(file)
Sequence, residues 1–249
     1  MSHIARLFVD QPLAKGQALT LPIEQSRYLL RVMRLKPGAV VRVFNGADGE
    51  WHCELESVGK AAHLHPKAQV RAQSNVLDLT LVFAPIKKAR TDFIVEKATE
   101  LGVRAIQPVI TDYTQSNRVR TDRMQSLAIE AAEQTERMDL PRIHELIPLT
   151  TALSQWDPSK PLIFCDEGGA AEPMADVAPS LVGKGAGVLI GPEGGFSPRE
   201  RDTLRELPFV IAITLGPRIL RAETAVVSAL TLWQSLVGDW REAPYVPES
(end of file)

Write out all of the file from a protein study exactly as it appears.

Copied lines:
Sequence, residues 1–249
     1  MSHIARLFVD QPLAKGQALT LPIEQSRYLL RVMRLKPGAV VRVFNGADGE
    51  WHCELESVGK AAHLHPKAQV RAQSNVLDLT LVFAPIKKAR TDFIVEKATE
   101  LGVRAIQPVI TDYTQSNRVR TDRMQSLAIE AAEQTERMDL PRIHELIPLT
   151  TALSQWDPSK PLIFCDEGGA AEPMADVAPS LVGKGAGVLI GPEGGFSPRE
   201  RDTLRELPFV IAITLGPRIL RAETAVVSAL TLWQSLVGDW REAPYVPES